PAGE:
Wednesday, October 26, 2011


I'm extremely dubious regarding my ability to point anyone in the right direction for listening to classical music. I mention this as Rei asked me something along these lines the other day and I've been thinking about what I might usefully say since then. The problem is that not only am I no expert, I am so lacking in anything close to expertise in this area as to be painfully inadequate.

However, I suppose it is of some relevance and potential helpfulness that I've managed to go from being almost completely unable to apply myself to listening to such music to actually being able to apply myself to reasonably sustained appreciative listening. And it's of interest (to me, anyway) to note that this came about largely after a very intense experience in my middle-twenties.

I borrowed some recordings, old fashioned lps, mostly of the music of Ralph Vaughan Williams from a friend and suddenly, gloriously understood exactly the appeal of what I was listening to. The excitement of realising there was all this wonderful stuff waiting to be experienced was extraordinarily powerful, such that even at a remove of almost thirty years I can more than remember it, I can taste it, touch it. And once I'd 'got' VW so much else followed naturally, as it were, though perhaps not with quite the same intensity: Holst, Bax, Elgar, Britten (the more obvious Brits); Ravel, Debussy, Messiaen, Sibelius, Ives, Copeland, Gershwin, Bartok. And all these Moderns gave me a kind of access to the past.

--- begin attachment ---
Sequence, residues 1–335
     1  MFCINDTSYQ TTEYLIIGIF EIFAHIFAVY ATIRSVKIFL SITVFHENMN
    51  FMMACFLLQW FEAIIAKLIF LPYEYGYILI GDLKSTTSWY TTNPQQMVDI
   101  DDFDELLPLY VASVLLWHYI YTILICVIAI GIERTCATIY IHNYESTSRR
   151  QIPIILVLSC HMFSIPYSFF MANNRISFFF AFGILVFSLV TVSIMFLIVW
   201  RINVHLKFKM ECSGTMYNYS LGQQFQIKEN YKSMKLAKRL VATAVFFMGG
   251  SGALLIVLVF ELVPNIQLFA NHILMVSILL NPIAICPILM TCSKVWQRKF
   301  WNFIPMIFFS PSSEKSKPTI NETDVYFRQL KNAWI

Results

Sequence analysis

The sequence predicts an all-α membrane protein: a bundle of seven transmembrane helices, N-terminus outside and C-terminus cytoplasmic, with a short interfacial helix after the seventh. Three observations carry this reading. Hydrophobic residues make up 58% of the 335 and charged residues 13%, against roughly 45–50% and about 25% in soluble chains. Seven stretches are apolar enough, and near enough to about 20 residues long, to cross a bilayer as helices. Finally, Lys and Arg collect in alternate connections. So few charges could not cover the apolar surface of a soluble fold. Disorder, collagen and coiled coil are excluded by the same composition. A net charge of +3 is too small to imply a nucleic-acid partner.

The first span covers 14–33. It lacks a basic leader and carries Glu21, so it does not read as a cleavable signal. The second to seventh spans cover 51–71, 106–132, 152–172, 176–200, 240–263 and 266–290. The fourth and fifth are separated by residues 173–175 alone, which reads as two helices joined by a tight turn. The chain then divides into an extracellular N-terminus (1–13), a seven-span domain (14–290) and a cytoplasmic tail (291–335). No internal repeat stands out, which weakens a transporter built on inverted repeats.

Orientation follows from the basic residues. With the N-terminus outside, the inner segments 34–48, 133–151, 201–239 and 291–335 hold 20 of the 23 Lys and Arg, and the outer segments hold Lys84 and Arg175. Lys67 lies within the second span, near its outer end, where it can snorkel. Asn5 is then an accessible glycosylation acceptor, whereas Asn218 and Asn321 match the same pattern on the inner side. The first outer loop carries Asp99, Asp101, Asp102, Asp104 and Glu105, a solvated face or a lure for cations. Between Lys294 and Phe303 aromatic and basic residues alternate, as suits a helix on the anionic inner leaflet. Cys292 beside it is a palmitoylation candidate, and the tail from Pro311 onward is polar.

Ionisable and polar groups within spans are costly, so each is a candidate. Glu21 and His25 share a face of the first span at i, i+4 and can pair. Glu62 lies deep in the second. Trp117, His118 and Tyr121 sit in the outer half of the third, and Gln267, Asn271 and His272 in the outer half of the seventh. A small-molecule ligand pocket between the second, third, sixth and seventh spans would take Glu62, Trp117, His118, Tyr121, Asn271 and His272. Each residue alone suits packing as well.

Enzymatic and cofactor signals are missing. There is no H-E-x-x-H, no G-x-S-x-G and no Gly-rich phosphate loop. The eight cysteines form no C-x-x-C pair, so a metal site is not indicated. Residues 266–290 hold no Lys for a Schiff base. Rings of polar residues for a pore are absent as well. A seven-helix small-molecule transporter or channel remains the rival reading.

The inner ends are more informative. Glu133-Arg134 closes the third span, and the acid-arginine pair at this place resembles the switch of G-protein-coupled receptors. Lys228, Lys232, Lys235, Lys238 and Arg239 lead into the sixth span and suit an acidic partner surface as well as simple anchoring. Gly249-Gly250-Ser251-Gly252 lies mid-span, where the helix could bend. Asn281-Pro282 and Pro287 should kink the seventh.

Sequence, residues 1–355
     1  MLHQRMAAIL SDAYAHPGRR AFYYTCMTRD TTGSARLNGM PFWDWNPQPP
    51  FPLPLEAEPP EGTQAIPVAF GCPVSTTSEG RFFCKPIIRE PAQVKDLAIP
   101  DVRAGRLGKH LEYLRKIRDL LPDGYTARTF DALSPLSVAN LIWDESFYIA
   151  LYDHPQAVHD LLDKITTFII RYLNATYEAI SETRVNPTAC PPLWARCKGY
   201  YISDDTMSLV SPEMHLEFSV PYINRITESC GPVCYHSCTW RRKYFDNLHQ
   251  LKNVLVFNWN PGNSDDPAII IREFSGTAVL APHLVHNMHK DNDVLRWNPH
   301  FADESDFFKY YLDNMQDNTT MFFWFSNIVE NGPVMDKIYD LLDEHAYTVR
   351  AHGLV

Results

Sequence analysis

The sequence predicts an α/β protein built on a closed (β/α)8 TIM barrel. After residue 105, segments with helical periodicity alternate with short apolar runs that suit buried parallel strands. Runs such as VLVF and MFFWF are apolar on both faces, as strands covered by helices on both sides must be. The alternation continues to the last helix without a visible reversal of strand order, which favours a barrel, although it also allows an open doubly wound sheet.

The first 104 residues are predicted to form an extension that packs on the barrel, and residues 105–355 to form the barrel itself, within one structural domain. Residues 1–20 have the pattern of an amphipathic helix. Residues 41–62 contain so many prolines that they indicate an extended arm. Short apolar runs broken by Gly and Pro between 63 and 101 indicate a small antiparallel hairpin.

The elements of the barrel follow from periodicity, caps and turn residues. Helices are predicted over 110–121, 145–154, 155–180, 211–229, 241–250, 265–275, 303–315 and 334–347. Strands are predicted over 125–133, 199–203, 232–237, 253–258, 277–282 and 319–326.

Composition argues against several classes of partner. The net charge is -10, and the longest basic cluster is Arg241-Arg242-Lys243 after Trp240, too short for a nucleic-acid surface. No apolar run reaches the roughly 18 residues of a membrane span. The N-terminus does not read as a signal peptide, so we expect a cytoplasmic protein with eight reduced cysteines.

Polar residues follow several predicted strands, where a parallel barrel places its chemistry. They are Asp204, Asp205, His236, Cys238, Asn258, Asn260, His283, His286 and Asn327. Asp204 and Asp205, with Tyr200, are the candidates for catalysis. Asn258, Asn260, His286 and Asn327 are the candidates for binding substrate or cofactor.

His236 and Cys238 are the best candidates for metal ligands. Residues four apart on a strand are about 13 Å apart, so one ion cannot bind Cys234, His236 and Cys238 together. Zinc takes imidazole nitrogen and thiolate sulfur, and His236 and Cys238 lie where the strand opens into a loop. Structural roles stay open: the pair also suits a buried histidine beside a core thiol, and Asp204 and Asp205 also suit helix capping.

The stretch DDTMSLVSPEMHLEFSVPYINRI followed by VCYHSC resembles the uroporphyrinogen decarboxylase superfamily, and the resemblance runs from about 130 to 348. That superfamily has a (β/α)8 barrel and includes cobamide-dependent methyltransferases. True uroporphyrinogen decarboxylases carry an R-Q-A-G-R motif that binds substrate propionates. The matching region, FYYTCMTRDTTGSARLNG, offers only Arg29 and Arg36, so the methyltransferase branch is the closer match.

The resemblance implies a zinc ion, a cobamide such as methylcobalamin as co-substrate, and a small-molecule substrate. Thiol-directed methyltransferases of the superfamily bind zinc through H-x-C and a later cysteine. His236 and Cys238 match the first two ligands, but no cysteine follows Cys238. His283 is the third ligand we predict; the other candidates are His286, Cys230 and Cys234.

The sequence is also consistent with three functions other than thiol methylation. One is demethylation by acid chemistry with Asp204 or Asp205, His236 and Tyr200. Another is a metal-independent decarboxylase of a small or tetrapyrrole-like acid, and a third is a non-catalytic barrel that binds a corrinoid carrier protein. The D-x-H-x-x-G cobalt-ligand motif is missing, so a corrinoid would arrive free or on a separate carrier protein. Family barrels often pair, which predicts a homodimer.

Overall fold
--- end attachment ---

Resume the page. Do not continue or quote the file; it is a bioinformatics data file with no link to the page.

So I guess I'd recommend listening pretty much to anything by VW as a starting point for someone looking for the same kind of breakthrough. But I have some reservations about this. Just because it worked for me, I'm not sure that would generally translate into instant understanding for others. In fact, VW seems to me so fundamentally wrapped up with a sense of Englishness that I'm very unsure he would work for anyone beyond those shores. But for anyone who's interested I'd suggest starting with The Lark Ascending and Fantasia on a Theme by Thomas Tallis. After that, you'd know.

Another composer who I seemed to 'get' effortlessly was Copeland. Appalachian Spring is a useful test piece. Again, if it works you're in.

In both cases, by the way, I made no real effort at the time to listen. I didn't need to. I think that was important to the experience, though I'm now keen to make sure I actively listen to any kind of music. That's oddly contradictory, but there it is.


Trebuchet said...

YES. Haha! YES. The Tallis fantasia always makes me feel homesick.

Brian Connor said...

Yes, I thought it might. I was thinking of your good self, oddly enough, even as I typed, wondering whether to include sinfonia antartica.